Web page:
OP50 Inequalities in time between stopping work and death: ons longitudinal study

ET Murray, E Carr, P Zaninotto, J Head, N Shelton
2017 Ageing 1   unpublished
skilled/unskilled (IV/V)) based on the Registrar General Social Class classification and we looked at absolute and relative differences between I/II and IV/V. To test differences in mean intake by demographic characteristics, we used t-tests and linear regression. All analyses were conducted in StataSE 13. Results Overall FV intake increased by 20% from 1986/87 (2.67 portions, 95% confidence interval [2.59,2.74]) to 2008/ 12 (3.21 portions [3.10,3.32]), but still fell short of the recommended 5
more » ... f the recommended 5 portions. We found higher FV intake in socioeconomic group I/II compared to IV/V across all years (difference of 0.96-1.28 portions; 26.09%-36.36%). FV intake also differed by age across all surveys, with older respondents eating more than younger respondents (1.03-2.08 portions; 51.76%-129.19%). Men ate significantly more FV than women in 1986/87 (0.18 portions; 6.52%) but there was no significant difference in the latter time points. Conclusion While FV consumption has increased in the UK since 1986, and sex differences in consumption have disappeared, socioeconomic and age-related inequalities persist. Population-level strategies to improve diet and increase FV intake are still needed in the promotion of public health. In order to redress inequalities, it is crucial that these strategies are at least or more effective in lower versus higher socioeconomic groups, and in younger versus older adults.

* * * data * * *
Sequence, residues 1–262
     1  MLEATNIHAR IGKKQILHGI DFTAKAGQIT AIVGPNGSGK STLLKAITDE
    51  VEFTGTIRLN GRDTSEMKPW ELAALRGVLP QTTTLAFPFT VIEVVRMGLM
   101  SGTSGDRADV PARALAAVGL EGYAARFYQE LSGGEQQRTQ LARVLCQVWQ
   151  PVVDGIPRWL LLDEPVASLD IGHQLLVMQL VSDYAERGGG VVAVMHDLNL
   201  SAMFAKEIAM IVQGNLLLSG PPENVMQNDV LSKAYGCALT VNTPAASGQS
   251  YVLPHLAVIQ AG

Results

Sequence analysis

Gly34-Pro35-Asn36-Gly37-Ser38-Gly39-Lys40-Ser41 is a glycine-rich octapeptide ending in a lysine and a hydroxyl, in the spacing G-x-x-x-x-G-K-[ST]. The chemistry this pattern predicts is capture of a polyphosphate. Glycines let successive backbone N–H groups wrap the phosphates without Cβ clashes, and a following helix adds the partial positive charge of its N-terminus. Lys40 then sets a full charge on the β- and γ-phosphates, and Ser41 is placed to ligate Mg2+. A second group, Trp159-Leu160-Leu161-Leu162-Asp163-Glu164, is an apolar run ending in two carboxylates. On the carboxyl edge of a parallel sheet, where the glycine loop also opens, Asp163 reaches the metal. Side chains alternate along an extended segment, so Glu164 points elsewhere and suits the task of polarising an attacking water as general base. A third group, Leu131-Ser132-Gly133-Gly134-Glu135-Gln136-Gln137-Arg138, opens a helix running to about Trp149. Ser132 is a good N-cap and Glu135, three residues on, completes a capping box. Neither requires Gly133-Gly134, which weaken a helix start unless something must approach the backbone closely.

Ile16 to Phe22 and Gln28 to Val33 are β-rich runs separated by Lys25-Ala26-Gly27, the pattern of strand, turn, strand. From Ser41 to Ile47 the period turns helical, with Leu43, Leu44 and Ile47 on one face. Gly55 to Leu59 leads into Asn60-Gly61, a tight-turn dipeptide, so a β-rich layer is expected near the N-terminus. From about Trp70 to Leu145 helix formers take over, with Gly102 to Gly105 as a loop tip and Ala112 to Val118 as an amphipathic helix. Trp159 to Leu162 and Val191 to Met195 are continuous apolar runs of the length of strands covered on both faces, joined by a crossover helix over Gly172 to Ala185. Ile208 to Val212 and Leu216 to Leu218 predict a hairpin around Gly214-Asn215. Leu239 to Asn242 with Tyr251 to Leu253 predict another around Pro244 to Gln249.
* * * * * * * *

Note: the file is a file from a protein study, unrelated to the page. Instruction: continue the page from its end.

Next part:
doi:10.1136/jech-2017-ssmabstracts.50 fatcat:4in5di7glfhfpb5qnbtvbfegbq